Therefore Bruce’s lessons were, firstly, the emphasis on economy. Land interventions – whether demolition, refurbishing housing stock, or building a mega project – must be tied into the economic context. If there is a disconnect then chances are they won’t succeed. Secondly local government and regeneration planners have to think about different economic models. The assumptions underpinning renewal strategies of the boom years are outdated. If export growth is the way out of economic stagnation then appropriate policy responses at the local and regional level have to be developed and implemented.

The morning’s final speaker was Newsnight economics editor (and occasional leftist) Paul Mason. He played a short piece taken from his film on Gary, Indiana. This once-booming industrial city has seen its population fall by half from its 1950s peak to just 100,000 today. On his blog Paul describes Gary as a city “suffering from one of the most advanced cases of urban blight in the developed world. Its city centre is near-deserted by day. The texture of the urban landscape is cracked stone, grass, crumbled brick and buddleia.” Since its heyday deindustrialisation has literally pulled the guts out of the city, leaving it populated by hundreds of abandoned buildings, among which are colleges, schools, and other trappings essential to the infrastructure of any modern city.

For Paul, Gary is locked in a spiral of depopulation and decapitalisation. The collapse of industrial employment triggered the decline, but subsequent depopulation has meant the critical mass of organic social capital isn’t there to help the city help itself. But this is a question of distribution rather than total sum. In most former industrial cities social capital (the cultural ties that bind communities together, make them cohesive, and enable them to do things – see here) have high levels of social capital thanks to the social solidarities that grew up in the previous era. It does tend to be highly localised and often obstructed by the atomisation of populations and, in Gary’s case, high levels of crime and morbidity. Therefore recovery strategies have to think about mobilising and harnessing this capital.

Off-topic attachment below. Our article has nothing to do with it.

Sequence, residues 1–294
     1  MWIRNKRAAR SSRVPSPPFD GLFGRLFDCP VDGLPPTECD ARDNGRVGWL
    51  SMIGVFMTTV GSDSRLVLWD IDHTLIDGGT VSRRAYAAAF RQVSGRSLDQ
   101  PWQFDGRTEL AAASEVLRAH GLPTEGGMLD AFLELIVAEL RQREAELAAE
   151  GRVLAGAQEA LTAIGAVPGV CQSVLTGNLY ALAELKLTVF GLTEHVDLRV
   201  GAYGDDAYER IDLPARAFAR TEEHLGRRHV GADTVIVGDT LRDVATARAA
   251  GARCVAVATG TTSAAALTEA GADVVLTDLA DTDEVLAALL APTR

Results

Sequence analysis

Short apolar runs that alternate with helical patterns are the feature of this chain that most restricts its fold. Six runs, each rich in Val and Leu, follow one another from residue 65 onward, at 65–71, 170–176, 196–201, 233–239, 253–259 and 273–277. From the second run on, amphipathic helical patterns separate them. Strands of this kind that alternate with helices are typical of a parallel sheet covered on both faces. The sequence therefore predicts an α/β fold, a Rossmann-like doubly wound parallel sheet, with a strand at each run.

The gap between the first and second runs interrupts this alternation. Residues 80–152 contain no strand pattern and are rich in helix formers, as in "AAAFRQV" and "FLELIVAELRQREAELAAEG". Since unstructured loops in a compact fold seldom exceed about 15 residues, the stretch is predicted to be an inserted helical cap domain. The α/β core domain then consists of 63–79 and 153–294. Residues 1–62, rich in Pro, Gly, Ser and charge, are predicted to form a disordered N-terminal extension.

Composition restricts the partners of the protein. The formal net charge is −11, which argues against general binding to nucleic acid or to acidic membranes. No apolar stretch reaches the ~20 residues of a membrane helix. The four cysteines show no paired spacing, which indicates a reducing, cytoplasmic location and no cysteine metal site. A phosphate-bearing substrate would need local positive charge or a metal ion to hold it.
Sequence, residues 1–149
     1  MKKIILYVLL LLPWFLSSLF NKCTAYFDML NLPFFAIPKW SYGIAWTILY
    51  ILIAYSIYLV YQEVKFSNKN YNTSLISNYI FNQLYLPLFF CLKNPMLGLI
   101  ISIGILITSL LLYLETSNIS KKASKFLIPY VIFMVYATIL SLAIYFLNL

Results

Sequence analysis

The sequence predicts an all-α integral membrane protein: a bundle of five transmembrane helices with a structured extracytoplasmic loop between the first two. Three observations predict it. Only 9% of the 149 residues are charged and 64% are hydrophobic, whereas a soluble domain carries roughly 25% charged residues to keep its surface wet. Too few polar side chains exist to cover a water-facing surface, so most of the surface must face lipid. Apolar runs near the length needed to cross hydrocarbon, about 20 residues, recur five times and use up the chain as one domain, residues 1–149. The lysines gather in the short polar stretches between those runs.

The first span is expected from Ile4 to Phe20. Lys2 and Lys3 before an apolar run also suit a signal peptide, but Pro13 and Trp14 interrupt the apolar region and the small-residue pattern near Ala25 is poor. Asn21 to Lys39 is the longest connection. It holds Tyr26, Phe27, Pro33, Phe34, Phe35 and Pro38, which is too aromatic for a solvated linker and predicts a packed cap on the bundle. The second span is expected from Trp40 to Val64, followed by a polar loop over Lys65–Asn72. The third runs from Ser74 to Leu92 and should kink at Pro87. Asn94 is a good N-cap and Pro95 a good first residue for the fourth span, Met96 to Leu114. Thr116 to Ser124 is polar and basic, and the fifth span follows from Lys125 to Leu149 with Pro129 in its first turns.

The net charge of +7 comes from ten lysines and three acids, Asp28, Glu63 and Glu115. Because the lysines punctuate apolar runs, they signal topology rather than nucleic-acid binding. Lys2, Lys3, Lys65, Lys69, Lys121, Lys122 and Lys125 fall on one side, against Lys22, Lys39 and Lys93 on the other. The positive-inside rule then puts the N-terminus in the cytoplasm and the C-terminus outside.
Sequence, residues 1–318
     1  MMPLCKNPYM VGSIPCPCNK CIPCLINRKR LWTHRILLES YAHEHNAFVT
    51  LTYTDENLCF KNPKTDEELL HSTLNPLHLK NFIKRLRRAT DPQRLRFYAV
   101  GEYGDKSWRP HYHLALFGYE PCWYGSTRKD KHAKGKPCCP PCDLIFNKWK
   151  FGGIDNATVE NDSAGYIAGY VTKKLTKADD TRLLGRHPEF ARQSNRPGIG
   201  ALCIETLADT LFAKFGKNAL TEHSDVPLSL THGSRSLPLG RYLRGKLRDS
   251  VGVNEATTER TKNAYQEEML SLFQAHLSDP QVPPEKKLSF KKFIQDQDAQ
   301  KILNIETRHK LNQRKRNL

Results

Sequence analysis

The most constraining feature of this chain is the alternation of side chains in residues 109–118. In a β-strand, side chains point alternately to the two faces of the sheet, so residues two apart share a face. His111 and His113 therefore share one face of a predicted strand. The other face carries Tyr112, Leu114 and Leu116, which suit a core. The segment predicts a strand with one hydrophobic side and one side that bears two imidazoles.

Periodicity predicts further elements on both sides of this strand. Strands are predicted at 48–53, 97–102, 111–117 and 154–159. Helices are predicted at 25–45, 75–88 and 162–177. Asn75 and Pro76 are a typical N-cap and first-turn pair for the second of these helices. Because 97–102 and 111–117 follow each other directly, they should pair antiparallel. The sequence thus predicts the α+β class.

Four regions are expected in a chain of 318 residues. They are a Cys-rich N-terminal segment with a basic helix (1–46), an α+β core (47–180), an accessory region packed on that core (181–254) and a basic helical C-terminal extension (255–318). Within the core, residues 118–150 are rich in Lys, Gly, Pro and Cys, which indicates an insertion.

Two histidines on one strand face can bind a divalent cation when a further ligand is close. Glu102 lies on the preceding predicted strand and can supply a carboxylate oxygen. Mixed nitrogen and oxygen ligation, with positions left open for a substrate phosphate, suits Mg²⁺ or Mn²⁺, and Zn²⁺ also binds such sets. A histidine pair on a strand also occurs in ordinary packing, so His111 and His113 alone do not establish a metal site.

Paul suggested the means of accumulating social capital lends itself to the new economy (at least the creative, innovation-driven side of it). He argued the semi-private spaces of coffee shops, shopping centres, library IT suites, cyber cafes accommodate the nomadic workspaces of those whose working life is, in large measure, portable and dependent on internet access. Whether at work or play these are becoming sites where new social relations are forged in conjunction with the new economy, from which all kinds of real world cultural and business spin offs can emerge. He suggested one way of fostering this sort of micro climate would be for local authorities to open up empty shop fronts for use as informal work spaces.